Sonography is a medical diagnostic imaging technique that visualizes body structures such as muscles, joints and internal organs. This discipline is crucial for detecting disease pathology and possible lesions. Algebra plays an important role in the science behind sonography and it allows sonographers to accurately diagnose medical images.
The science behind sonography is founded on the concept of sound waves. These waves are mechanical vibrations that can travel through a diverse medium. Waves traveling at the same frequencies add together, thus connecting the field to basic algebra. The ultrasound machine releases high-frequency sound waves to target specific parts of the body for screening. As the waves bounce back at particular frequencies, the echoes depict a picture that is recorded.
An ultrasound, or sonographic, machine consists of four components: the transducer, electrical signal processing unit, display unit and film recording equipment. The assembly as a whole allows the sonographer to collect high resolution images of the targeted body area. Algebra is used throughout the entire process to collect measurements from the resolution images. For example, the abdominal circumference must be measured and scaled during obsteric ultrasounds. The sonographer can use the circumference to calcuate the fetal weight using a standardized equation. These computations often reflect basic algebraic principles.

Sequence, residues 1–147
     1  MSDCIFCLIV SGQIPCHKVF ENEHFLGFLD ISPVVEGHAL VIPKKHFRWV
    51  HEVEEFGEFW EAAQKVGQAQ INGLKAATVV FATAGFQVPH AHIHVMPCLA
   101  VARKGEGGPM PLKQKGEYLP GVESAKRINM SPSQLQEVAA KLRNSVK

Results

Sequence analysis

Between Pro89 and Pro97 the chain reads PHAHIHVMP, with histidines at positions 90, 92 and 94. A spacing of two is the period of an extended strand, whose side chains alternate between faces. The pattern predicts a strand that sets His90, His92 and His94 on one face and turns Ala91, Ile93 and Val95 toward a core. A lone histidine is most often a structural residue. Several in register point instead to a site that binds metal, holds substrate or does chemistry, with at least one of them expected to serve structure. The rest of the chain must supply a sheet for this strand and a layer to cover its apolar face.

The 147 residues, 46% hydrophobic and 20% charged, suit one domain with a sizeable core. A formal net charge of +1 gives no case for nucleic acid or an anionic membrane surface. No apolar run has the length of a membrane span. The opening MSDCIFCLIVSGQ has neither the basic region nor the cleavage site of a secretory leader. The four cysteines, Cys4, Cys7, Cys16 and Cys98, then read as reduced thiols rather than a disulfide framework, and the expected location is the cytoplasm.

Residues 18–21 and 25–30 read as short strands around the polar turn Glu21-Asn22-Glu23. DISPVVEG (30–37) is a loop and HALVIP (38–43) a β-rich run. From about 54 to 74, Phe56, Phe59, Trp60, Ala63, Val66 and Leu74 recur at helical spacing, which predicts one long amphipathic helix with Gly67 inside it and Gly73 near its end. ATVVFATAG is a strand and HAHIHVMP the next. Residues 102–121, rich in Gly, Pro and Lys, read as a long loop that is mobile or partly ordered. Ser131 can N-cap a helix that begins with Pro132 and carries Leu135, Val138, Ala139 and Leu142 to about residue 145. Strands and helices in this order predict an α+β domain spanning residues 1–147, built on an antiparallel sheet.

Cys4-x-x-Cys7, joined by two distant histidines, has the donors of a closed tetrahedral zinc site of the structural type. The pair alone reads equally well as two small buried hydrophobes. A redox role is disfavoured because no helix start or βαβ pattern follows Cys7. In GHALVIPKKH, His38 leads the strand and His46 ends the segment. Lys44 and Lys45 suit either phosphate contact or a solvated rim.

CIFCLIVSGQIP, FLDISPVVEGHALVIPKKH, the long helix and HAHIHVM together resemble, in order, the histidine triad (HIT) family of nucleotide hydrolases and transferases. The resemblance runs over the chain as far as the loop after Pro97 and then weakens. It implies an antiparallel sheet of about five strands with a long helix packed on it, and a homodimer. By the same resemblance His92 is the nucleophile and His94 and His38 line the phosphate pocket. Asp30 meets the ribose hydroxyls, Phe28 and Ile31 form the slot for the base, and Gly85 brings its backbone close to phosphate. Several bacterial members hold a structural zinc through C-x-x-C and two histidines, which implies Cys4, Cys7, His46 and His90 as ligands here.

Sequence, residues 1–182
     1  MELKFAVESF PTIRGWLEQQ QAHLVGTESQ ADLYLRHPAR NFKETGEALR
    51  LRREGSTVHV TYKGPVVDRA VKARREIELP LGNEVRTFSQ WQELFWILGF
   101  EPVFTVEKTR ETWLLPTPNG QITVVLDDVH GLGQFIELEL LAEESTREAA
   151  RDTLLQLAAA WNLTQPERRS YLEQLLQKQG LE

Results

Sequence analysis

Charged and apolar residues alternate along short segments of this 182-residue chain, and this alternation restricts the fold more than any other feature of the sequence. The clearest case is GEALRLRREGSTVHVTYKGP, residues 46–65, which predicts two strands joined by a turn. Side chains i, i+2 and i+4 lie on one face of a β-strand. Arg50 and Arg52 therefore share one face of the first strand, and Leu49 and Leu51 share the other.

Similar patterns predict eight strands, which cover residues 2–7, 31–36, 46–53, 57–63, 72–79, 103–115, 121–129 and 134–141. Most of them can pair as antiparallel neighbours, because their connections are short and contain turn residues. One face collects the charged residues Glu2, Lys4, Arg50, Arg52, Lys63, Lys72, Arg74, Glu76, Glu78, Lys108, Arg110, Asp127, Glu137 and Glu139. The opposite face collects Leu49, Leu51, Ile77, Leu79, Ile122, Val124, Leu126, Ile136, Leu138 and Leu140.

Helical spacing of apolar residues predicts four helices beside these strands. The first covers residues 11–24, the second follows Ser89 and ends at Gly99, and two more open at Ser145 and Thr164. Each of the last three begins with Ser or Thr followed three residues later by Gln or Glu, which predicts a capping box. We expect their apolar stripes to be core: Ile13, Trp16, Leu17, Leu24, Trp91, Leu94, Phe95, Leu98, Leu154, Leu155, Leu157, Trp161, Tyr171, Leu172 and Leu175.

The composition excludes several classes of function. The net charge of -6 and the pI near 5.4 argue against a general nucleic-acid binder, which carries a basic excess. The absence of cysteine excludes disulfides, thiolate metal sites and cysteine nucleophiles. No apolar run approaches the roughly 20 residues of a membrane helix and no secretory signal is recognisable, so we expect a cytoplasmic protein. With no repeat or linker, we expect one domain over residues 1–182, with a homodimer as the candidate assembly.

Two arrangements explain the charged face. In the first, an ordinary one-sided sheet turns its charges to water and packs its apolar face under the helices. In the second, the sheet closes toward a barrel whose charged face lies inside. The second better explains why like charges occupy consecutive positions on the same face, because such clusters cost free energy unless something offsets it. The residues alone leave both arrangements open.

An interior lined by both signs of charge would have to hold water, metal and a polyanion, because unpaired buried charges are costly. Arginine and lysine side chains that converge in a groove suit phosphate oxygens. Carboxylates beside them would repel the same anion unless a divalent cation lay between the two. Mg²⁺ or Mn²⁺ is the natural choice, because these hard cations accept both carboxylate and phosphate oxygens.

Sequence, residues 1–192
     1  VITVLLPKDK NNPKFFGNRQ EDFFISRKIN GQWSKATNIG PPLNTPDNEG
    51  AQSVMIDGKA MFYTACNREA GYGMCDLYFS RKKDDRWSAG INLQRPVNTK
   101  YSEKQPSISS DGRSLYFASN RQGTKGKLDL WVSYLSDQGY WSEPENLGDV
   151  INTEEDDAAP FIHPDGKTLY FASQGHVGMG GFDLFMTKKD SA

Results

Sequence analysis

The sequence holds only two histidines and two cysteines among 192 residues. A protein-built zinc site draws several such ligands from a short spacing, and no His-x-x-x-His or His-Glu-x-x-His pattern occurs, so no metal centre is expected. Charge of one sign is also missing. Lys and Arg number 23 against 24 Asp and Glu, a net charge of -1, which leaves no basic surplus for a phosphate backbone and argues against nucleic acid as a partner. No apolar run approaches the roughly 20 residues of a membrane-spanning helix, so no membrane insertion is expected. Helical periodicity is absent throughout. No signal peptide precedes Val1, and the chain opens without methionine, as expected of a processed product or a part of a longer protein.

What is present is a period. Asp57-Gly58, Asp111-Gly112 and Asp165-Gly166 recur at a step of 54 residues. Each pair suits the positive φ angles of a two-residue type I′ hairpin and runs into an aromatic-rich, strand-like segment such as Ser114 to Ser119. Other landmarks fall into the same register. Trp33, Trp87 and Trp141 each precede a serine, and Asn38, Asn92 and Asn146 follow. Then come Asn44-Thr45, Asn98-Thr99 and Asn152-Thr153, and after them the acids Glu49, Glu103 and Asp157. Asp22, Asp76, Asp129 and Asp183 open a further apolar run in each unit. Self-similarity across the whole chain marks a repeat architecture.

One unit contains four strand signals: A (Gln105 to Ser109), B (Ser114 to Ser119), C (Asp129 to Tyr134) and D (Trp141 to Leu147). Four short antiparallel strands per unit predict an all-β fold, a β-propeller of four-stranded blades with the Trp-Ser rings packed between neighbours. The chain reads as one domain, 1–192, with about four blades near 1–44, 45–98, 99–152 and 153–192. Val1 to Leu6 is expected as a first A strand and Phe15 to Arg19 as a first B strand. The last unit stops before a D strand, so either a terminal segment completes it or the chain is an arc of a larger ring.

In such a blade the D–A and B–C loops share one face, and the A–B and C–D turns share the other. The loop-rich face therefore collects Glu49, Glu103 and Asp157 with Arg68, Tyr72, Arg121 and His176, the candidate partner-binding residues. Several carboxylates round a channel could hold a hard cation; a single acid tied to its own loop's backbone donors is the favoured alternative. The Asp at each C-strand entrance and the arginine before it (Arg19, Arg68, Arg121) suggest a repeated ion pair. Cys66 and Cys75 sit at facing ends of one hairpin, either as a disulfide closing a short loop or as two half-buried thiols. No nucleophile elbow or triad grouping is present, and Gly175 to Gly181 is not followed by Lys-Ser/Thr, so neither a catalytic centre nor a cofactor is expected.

Obtaining Patient Histories
A basic patient history must be obtained by each sonographer before any ultrasound testing can take place. Patient histories contain all the past, relevant medical data ranging from previous injuries to metabolic data. Because a patient’s medical history can affect the interpretation of ultrasound images, the sonographer must correctly calculate items such as metabolic rates, resting heart rate and body weight. For example, the patient's resting heart rate can be calculated by measuring the number of beats for 10 seconds and then multiplying that number by 6 to obtain the standard number of beats per minute.
After in image is generated by the ultrasound machine, the sonographer must obtain and use the data to make a medical recommendation. Sonographers look for visual cues that can contrast healthy areas with abnormal or unhealthy areas. Images are shown on the computer as a grid of pixels, with each pixel assigned a shade of grey. Sonography uses algebra here when it stores the image as an array of numbers, scaled to whatever dimensions are necessary. The grid dimensions represent the total size of the pixel. For instance, a 40 by 40 pixel grid results in an image of 1,600 pixels. Shadings of grey will be given numerical values ranging from 0 to 1.
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